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Fish deaths in the Lower Darling

The Lower Darling was subject to tragic fish death events in December 2018 and January 2019. The large fish death events covered a 40 kilometre stretch of the Darling River, downstream of Menindee Lakes. 

The exact number of fish deaths is unknown. Anecdotal estimates ranged from hundreds of thousands to at least 3 million. In considering this issue the independent panel, chaired by Professor Rob Vertessy, concluded that ‘over a million’ fish may have died in the series of fish death events.

Reasons behind fish deaths

The recent tragic fish deaths in the Lower Darling are a terrible reminder of the effects drought can have on our environment. We are keenly aware of the difficult times many people are facing due to the drought and when things are dry, it’s tough on the whole river system.

We cannot ignore the impacts of drought on the system.

Unfortunately, the main causes of this distressing event are:

  • the lack of water flowing into the northern rivers
  • the impact of many years of over-allocation of precious water resources throughout the entire Basin.

Lack of water during drought leads to water quality issues and can provide prime conditions for blue green algae to thrive. When previously high water temperatures drop quickly, as they did recently, algae dies and as it decomposes oxygen levels fall below critical levels, causing the fish to die.

Mitigating further fish death events

Basin governments are working together to find solutions that could mitigate further fish death events across the Basin.

Basin Governments are considering:

  • the immediate risk of further fish kills and how we can mitigate that risk, including aeration and possible fish movement
  • if there is water that can be released to improve water quality
  • reviewing federal and state environmental watering priorities, to see if adaptation is needed
  • long-term strategies to mitigate fish death events of this extent.

Operation of Menindee Lakes

There is a written agreement where New South Wales, Victoria, South Australia and the Australian Government directs the Murray–Darling Basin Authority (MDBA) to call water from the Menindee Lakes to meet consumptive and environmental needs.

In 1963, the New South Wales Government agreed with the Australian, Victorian and South Australian governments that water from the lakes could be shared to meet downstream water needs, when the volume of the lakes rises above 640 GL and until it drops below 480 GL.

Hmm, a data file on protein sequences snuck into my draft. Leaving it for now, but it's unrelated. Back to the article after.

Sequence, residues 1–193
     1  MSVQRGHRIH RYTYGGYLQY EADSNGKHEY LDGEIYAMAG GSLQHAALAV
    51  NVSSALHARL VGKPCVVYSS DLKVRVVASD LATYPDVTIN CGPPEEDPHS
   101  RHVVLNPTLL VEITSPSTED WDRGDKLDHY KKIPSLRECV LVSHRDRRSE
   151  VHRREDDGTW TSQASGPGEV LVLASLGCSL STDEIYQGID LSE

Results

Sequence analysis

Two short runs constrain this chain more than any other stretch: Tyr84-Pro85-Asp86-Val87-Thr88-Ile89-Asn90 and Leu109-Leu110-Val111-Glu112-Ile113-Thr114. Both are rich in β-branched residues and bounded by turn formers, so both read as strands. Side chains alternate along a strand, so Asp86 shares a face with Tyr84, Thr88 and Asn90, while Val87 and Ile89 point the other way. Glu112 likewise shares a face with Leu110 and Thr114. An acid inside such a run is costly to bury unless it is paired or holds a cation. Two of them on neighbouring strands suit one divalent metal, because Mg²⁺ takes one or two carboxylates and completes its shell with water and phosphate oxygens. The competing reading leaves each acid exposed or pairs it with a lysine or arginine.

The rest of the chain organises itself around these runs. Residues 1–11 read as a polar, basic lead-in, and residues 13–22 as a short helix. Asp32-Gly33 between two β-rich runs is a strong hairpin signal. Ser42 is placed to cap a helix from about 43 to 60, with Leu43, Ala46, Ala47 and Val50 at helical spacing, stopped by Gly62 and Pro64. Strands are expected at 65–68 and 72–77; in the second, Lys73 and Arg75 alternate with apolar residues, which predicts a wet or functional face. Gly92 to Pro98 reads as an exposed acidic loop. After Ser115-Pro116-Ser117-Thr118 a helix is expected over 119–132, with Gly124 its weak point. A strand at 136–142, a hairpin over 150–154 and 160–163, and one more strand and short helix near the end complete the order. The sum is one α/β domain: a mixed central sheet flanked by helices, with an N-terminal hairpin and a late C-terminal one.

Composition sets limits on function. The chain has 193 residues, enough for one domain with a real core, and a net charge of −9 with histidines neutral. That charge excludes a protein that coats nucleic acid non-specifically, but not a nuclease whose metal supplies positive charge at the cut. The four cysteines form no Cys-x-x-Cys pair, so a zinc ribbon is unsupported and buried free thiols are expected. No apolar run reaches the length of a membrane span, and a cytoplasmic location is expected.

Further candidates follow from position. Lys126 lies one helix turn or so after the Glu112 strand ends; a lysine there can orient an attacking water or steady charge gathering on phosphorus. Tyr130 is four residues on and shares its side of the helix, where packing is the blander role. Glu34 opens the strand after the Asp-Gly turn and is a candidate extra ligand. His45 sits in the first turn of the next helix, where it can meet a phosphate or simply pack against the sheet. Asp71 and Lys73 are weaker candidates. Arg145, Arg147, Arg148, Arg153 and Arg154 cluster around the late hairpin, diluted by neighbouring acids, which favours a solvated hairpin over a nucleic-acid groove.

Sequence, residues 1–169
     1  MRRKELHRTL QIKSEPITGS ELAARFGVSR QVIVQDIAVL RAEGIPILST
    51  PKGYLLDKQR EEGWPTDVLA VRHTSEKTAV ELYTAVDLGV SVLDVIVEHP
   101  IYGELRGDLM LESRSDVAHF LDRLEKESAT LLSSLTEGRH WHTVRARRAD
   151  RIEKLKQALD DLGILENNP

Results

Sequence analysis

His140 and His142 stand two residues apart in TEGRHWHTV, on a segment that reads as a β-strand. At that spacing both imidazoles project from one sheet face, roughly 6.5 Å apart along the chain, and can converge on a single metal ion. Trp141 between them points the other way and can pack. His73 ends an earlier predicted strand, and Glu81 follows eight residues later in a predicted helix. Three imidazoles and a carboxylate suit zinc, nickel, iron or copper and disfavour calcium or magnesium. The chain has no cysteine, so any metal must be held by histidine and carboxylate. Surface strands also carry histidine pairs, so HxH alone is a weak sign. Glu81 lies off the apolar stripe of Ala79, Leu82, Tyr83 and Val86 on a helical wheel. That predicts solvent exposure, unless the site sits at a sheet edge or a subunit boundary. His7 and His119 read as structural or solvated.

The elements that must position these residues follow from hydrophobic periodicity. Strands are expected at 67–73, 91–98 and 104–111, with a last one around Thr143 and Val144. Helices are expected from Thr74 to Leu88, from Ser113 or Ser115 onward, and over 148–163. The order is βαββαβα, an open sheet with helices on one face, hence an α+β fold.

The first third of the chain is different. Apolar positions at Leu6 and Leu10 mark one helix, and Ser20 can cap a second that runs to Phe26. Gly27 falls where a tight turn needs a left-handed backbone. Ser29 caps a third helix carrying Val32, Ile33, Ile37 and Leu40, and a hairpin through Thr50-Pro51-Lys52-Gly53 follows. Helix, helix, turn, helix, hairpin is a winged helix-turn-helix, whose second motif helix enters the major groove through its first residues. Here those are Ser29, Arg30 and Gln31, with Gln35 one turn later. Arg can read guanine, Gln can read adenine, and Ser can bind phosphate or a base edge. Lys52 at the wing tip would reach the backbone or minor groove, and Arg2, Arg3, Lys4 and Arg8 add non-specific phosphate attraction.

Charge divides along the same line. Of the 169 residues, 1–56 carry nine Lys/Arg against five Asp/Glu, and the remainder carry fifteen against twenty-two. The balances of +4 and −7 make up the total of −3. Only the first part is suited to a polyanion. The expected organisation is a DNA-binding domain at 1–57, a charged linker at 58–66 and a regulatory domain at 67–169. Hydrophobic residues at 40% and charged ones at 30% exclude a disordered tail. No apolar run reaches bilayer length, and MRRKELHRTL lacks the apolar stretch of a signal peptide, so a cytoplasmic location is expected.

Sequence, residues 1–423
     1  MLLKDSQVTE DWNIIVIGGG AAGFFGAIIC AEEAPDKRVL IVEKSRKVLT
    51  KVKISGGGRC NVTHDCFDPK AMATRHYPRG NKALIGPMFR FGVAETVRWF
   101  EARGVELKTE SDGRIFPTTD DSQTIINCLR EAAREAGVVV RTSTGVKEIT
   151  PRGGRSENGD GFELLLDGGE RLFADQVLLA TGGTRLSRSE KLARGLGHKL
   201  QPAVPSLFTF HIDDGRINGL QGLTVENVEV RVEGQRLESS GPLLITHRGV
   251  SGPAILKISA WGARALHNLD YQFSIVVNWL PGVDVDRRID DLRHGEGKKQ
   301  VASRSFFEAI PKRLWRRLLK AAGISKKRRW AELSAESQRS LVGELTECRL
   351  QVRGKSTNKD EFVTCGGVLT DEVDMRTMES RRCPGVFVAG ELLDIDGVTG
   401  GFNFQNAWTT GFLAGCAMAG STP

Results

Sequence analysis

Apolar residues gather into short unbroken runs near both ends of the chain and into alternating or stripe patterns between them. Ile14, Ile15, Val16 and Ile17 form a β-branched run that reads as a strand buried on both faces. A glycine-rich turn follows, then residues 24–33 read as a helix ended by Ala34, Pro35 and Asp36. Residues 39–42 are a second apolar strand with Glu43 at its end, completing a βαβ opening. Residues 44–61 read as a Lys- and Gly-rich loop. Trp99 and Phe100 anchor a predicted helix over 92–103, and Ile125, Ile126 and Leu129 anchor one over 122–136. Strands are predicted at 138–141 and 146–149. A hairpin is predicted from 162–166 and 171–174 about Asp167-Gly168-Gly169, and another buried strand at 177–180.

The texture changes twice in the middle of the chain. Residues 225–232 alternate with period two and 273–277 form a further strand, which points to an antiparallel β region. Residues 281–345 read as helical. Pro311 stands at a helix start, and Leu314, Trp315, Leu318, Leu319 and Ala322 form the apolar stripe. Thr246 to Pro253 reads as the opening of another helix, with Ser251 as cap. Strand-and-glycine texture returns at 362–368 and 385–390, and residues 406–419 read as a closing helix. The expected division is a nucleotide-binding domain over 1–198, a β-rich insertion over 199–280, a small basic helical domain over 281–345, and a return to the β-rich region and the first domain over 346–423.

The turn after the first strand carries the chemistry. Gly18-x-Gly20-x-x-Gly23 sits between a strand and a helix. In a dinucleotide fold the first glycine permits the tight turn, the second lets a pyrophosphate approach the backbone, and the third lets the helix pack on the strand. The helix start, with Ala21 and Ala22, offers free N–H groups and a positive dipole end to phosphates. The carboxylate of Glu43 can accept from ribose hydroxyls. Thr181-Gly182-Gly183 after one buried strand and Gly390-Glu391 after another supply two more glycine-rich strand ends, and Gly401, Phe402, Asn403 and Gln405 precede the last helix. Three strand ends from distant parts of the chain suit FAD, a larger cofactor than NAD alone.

When the Lakes rise above 640 GL, the MDBA can direct water to be released from the Lakes to meet downstream demand. The MDBA refers control to New South Wales when storage drops below 480 GL.

The MDBA calls on water to fulfil New South Wales, Victorian and South Australian entitlements when there is water in the Menindee lakes. When the MDBA operates the Lakes, it draws water from this storage first. This is because Dartmouth and Hume dams are more efficient as they don't have the high evaporation rates of the Menindee Lakes.

Menindee Lakes can hold up to 2,050 gigalitres and is estimated on average to lose 426 gigalitres a year to evaporation, and up to 700 gigalitres a year when the lakes are full. Dartmouth Dam, by comparison can hold up 3850 gigalitres with net evaporation of close to zero. 

The Menindee Lakes are currently under the sole control of New South Wales and have been carefully managed since December 2017. New South Wales is responsible for operating the lakes to meet local needs, including those at Broken Hill and downstream along the Lower Darling River, and also during flood events. For more information refer to the New South Wales Department of Primary Industries.

Current storage levels are available at River Murray data.

Report water quality issues or fish deaths

Find out who to contact if you need to:

  • report a suspected water quality issue (including blue-green algae or blackwater)
  • get more information about water quality in your area
  • use water after a water quality incident
  • report dead or dying fish in your area.
Updated: 23 Dec 2022